Many New Yorkers live in spaces that barely appear large enough for their human occupants, but this doesn’t prevent them from adopting dogs of all breeds and sizes. By one estimate, there are more than half a million dogs in New York City (that’s more than the human population of Atlanta and most U.S. cities). To find out which dogs are best for NYC’s finicky indoor and outdoor environments, 6sqft reached out to Lauren McDevitt, the founder of Good Dog, which is, in essence, an online platform designed to promote responsible breeding and make it easier for people looking to adopt a dog to avoid scams. Ahead, McDevitt shares some tips for New Yorkers looking to adopt a canine companion and helps us put together a list of the best dog breeds for apartment dwellers (French Bulldogs, Boxers, and Golden Retrievers all made the cut!).
apartment living 101
6sqft’s ongoing series Apartment Living 101 is aimed at helping New Yorkers navigate the challenges of creating a happy home in the big city. This week, we cover everything you need to consider when raising chickens in the city.
In a city where simply finding a balcony large enough for a pot of basil can be a challenge, one may be surprised to discover that chicken coops can be found across all five boroughs. Chickens were once primarily kept by older city residents, including many who come from places in the world where a backyard supply of fresh eggs is taken for granted. More recently, everyone from Park Slope housewives to Bushwick hipsters appears to be embracing the backyard chicken craze.
Closet photo via Flickr cc; Photo of Karin and Marie courtesy of Karin Socci
Between her best-selling book, “The Life-Changing Magic of Tidying Up: The Japanese Art of Decluttering and Organizing,” and new Netflix show, “Tidying Up,” over the past five years, Marie Kondo—a diminutive Japanese organizing guru—has changed how people around the world think about decluttering their homes. But Kondo isn’t just another interior designer offering tips on storage. She believes that one’s home has a direct impact on their lives and even their personal relationships. This is why she approaches tidying from the heart and not simply the mind. As she says on her website, “Keep only those things that speak to the heart, and discard items that no longer spark joy.”
With so many of us living in homes that are almost as tiny as those in Tokyo where Kondo is based and developed her method, it’s no surprise that New Yorkers have been eagerly embracing Kondo’s advice. It is also likely no coincidence that one of the only certified Master KonMari consultants in North America, Karin Socci, happens to serve the New York City area. 6sqft recently reached out to Socci, founder of The Serene Home, to learn more about the KonMari method and how she helps New Yorkers put it into practice.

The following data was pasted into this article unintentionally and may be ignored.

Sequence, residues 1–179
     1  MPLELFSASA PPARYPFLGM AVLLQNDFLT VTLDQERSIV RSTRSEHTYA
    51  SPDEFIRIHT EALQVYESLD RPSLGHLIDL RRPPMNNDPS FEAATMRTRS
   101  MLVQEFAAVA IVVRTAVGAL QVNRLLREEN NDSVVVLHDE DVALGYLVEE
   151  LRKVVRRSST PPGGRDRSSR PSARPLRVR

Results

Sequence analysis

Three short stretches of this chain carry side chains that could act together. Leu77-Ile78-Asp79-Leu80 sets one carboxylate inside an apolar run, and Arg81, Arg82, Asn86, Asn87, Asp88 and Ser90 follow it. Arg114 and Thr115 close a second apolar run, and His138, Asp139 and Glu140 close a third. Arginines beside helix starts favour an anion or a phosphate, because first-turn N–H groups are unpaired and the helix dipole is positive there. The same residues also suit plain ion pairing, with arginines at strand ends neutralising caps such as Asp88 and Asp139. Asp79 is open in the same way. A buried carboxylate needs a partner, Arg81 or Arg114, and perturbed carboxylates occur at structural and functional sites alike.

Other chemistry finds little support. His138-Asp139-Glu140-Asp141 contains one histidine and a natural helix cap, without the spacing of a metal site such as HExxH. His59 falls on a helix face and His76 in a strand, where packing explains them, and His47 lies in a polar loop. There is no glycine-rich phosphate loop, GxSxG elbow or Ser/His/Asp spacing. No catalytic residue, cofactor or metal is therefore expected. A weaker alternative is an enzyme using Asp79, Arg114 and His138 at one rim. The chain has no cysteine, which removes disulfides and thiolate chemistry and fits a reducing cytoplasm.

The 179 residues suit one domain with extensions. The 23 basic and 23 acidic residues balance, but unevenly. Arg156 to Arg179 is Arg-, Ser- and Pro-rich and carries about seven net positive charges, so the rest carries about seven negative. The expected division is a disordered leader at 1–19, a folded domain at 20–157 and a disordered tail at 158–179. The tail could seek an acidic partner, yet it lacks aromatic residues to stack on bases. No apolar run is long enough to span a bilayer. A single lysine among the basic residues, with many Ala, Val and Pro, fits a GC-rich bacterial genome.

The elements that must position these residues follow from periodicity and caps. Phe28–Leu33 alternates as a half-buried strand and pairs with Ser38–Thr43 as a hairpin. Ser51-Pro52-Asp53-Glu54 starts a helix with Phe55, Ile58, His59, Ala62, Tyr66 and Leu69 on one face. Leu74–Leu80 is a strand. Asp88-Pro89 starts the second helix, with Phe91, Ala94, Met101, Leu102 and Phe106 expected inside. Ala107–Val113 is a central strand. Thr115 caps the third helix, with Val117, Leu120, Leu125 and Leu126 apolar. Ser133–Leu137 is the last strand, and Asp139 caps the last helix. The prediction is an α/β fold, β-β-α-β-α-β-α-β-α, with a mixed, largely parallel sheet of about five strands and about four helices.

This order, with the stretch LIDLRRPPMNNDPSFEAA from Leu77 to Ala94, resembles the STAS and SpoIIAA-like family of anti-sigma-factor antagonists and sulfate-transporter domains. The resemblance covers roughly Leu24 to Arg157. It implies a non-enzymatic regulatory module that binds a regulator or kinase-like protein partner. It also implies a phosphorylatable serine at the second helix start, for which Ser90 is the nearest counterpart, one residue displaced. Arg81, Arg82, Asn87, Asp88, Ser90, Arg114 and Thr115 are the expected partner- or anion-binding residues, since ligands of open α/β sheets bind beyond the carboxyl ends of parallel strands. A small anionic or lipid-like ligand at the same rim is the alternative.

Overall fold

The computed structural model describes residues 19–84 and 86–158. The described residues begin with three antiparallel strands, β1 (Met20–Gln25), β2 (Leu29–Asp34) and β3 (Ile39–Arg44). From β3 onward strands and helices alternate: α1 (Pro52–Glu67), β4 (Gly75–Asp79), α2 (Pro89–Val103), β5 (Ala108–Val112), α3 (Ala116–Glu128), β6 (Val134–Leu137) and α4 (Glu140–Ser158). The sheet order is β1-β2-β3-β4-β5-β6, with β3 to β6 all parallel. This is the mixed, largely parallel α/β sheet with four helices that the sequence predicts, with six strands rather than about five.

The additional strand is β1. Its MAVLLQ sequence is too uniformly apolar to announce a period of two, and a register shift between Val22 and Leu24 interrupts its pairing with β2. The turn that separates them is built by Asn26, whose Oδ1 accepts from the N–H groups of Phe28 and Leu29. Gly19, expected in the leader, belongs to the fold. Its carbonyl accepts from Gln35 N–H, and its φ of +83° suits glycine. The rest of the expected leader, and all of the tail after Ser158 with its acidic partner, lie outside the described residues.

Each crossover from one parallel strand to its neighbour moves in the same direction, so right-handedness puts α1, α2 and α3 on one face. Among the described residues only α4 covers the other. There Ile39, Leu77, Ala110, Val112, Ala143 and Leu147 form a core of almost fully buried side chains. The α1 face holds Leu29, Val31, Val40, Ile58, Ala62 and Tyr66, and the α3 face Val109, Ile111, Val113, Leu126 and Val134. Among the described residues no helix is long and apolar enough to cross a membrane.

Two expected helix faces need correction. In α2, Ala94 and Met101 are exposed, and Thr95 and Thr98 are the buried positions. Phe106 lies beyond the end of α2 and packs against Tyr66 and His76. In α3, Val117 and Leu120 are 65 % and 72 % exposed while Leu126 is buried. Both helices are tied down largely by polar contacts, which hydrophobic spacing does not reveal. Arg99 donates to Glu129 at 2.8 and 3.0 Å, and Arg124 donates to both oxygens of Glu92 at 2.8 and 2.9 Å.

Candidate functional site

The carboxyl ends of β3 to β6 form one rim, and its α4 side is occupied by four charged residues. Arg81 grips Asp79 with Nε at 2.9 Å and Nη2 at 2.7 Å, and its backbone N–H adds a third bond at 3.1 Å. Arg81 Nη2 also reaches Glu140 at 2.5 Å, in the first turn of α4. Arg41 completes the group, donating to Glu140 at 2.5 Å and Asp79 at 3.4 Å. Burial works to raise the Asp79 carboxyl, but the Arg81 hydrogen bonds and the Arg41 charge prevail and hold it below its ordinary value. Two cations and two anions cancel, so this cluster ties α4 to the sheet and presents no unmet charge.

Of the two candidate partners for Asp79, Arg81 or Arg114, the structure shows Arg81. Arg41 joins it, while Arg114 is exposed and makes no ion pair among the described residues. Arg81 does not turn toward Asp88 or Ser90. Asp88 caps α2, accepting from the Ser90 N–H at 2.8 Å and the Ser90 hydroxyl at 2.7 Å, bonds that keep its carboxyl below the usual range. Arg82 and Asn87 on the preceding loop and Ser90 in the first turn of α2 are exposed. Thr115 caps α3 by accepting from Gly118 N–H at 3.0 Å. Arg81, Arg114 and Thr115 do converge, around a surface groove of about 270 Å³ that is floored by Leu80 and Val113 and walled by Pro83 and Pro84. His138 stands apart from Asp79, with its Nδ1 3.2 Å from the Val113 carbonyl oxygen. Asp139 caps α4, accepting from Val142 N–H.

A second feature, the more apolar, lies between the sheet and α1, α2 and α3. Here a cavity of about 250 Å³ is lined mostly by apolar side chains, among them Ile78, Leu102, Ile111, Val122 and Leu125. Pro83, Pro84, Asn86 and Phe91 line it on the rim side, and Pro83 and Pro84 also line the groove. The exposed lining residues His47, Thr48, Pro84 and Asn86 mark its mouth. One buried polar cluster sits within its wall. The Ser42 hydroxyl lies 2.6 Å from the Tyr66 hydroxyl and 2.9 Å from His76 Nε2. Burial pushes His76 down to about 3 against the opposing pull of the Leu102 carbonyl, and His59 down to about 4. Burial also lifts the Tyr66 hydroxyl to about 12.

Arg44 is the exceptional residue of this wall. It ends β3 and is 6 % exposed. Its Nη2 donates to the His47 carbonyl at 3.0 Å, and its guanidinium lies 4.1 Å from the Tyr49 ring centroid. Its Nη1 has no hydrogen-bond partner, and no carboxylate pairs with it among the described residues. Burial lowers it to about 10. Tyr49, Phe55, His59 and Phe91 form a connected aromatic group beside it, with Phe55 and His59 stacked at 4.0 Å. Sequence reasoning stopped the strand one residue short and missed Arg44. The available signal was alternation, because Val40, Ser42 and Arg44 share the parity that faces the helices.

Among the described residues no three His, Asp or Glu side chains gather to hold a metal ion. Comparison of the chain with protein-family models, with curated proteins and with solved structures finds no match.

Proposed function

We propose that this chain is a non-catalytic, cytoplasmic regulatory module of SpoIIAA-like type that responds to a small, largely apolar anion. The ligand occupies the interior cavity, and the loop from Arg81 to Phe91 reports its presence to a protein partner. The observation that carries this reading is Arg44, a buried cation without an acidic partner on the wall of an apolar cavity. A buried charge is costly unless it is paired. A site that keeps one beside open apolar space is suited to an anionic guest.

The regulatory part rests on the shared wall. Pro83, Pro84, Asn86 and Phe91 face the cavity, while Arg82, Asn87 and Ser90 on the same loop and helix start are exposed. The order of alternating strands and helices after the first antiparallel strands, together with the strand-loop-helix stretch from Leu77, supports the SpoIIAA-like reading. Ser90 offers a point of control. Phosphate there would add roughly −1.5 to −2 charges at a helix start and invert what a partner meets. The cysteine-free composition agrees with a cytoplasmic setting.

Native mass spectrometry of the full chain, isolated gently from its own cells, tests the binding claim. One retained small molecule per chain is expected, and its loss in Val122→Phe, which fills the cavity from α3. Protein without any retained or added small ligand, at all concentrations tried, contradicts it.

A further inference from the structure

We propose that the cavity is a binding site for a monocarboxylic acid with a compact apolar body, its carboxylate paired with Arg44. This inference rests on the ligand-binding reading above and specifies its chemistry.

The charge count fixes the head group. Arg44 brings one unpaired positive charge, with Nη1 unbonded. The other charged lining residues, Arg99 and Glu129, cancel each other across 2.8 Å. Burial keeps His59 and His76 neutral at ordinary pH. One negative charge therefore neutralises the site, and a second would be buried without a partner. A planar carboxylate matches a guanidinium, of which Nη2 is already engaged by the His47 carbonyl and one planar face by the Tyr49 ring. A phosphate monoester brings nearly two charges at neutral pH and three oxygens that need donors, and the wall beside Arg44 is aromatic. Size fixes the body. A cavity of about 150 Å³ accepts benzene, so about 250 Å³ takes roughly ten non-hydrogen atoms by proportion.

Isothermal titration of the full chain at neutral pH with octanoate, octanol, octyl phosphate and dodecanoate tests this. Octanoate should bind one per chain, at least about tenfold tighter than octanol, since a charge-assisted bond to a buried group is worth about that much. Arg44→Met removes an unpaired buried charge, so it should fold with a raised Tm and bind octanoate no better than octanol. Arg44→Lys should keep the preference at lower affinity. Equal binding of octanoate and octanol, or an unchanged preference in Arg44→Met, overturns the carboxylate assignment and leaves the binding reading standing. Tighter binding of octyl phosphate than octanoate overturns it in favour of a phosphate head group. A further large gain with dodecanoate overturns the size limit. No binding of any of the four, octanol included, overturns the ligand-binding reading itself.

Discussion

Photo © Daxiao Productions – Fotolio
6sqft’s ongoing series Apartment Living 101 is aimed at helping New Yorkers navigate the challenges of creating a happy home in the big city. This week, we’ve put together the top five reasons it makes sense to move in the winter.
Until the end of WWII, moving day in New York City was May 1. Today, many people continue to move on this date and in the four months following, but if you’re a renter looking for great value, more options, and lower stress, the very best move dates fall in the winter months. In this article, we outline why a winter move makes sense and how to prepare for one.
Image: Wikimedia Commons
As long as Fido’s not a ferret, of course. You may not know this, but you could be able to keep a pet in a “no pets” apartment–legally. New York City’s Pet Law, established in 1983, may actually override your landlord’s kibosh on your kitty or pup, as long as certain criteria are met. Your pet can’t be one of the many, many critters on the city’s “banned” list, which includes the aforementioned ferrets, pot-bellied pigs, most snakes, hedgehogs, and squirrels.
Photo via Pexels
Everyone loves kids, right? While this may be true in most cases, when it comes to renting and buying apartments, kids can be a deal breaker. To be clear, in NYC, owners cannot discriminate against renters with children, but there are a few exceptions. For example, co-ops, which are free to come up with their own selection criteria so long as it doesn’t overtly discriminate, can privilege quiet tenants over potentially loud tenants. If you have a couple of toddlers or even teens who look like they might be prone to hosting all-night parties or jam sessions in your living room, you might find yourself looking for housing elsewhere. But don’t be discouraged. After all, New York is home to more kids than any other U.S. city.